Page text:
Hi, just another story I'm afraid. I'm an 46 yr old Australian woman (am I the oldest person in this discussion?) who broke her leg skiing in New Zealand. My web site tells the story at I have a spiral fracture of my tibia, very close to the ankle, and a single break to the fibula nearer to the knee. I have had intramedullary rodding on the tibia, with a screw at the knee and the ankle. I had an 11 hour ambulance trip to hospital, and it was 24 hours following the accident before the operation was performed. I hope this hasn't compromised the outcome. I didn't realise how serious it was until reading this site. My husband says to stop reading - but that's such a guy type of response! I've learned a lot and thank you to everyone. Thanks to you, I've written out two pages of questions to ask my specialist and my physiotherapist. I broke my leg on the 5th August, so it's one month today. Except for a few jaunts on leaving hospital (full of painkillers), I've stayed mainly in bed or on the lounge with my leg elevated. I became scared by the pain levels when I tried to cut the pain killers. I am also sick of the codeine. So now I "RICE" (Rest, Ice, Compression, Elevation). I am not doing much physiotherapy yet - just a very few baby kind of exercises to keep joint mobility somewhat exercised. I've noticed a lot of muscle loss in the effected quadricep. I've read that one of the main causes of pain in the knee (the main probem with intramedullary rodding) is believed to be muscle loss in the quad and hamstring. So now I'm trying desperately to do small exercises that employ my quad (lifting my leg up etc.)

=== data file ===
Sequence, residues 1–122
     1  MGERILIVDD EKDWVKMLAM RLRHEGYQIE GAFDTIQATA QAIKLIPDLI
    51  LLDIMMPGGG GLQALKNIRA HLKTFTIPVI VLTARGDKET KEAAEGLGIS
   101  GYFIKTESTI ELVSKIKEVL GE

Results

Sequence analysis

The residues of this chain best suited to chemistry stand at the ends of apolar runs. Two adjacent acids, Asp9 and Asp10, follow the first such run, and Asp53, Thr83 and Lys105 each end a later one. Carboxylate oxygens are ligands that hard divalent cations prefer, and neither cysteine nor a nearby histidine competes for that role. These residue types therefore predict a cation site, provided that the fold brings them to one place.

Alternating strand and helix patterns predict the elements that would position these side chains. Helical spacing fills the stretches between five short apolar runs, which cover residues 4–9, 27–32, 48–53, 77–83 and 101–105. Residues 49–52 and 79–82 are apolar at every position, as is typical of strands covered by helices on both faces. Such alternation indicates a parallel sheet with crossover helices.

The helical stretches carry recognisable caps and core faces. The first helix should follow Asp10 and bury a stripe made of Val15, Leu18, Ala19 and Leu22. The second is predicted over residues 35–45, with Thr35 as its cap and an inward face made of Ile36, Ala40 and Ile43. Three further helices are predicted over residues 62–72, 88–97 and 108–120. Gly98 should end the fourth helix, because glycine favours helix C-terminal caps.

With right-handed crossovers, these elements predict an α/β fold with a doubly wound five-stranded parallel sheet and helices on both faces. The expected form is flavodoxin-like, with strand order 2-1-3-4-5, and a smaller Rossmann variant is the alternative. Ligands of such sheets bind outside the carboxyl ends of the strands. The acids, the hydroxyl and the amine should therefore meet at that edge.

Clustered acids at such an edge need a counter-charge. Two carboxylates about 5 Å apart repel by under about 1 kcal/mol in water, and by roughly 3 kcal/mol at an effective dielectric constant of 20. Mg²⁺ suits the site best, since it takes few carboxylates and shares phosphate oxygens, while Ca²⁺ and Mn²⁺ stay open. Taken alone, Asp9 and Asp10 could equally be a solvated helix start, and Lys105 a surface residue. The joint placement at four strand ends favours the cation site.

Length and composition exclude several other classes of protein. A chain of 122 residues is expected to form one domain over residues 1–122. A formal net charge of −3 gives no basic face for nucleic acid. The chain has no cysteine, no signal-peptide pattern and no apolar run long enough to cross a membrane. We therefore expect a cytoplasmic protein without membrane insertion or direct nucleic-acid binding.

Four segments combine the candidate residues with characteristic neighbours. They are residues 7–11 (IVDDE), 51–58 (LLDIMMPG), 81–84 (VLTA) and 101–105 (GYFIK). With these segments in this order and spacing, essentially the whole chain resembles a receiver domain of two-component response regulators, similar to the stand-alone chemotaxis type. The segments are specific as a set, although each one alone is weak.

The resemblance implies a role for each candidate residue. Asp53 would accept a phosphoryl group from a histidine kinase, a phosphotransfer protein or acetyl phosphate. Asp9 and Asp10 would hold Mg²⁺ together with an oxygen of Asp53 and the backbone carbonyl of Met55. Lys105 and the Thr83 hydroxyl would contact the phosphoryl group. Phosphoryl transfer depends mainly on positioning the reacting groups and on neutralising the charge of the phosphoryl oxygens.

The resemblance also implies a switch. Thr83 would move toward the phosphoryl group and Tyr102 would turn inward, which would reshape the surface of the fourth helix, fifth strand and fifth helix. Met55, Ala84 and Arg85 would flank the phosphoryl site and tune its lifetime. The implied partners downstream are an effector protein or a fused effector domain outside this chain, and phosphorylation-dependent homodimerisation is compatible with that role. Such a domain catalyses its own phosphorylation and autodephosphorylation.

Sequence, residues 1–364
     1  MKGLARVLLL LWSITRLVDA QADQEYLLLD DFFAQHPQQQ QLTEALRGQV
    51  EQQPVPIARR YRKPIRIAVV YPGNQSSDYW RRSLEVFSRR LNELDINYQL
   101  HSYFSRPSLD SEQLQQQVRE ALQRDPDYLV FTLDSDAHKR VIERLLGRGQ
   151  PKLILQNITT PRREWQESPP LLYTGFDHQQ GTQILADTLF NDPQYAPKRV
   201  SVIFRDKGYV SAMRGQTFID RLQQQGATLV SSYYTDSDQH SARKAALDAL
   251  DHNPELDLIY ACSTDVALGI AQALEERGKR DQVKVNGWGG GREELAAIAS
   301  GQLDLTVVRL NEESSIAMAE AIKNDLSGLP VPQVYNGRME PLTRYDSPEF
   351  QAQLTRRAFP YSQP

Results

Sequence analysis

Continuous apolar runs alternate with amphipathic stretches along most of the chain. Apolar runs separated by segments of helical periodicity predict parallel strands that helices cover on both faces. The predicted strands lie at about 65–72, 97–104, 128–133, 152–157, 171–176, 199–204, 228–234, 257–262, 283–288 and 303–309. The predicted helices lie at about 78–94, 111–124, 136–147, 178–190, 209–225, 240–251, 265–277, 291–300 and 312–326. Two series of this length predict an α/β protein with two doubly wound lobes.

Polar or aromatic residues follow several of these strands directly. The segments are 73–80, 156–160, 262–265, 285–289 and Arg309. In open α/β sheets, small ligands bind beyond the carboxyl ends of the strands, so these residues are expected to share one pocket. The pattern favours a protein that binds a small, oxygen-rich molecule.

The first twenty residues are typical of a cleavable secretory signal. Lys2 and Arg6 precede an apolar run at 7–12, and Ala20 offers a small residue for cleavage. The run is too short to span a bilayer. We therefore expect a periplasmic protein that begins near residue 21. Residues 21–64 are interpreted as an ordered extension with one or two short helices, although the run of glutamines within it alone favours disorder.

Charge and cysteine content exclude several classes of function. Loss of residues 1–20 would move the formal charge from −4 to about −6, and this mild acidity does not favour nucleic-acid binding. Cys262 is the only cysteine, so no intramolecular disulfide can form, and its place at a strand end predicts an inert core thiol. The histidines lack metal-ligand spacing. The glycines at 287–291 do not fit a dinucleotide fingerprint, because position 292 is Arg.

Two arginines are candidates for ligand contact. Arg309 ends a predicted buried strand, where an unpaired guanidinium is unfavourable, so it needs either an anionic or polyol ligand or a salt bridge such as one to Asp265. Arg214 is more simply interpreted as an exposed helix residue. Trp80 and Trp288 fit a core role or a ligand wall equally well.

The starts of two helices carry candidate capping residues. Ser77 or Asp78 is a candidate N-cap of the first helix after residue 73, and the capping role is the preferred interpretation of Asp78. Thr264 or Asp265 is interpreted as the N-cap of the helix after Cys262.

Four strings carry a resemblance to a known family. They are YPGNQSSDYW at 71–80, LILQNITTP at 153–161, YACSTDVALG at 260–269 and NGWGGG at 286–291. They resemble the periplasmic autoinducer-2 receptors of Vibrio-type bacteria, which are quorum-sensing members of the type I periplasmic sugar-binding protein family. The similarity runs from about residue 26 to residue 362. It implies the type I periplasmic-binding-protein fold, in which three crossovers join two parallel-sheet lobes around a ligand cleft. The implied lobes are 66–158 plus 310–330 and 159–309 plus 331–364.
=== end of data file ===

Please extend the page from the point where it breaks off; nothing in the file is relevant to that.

I find ice is a wonderful painkiller - helps me cut the codeine almost in half to what the doctor told me to take. And keeping still. My leg is in one of those "Air Walker" boots - a black knee high boot with a rigid Kevlar strut up the sides and lots of very strong Velcro fasteners holding it together. It's wonderful as it allows me to open it and insert ice pacs (no more that 15 mins). I wear a backslab to bed at night, held on with bandages. I have a lot of swelling, but it is rapidly improving.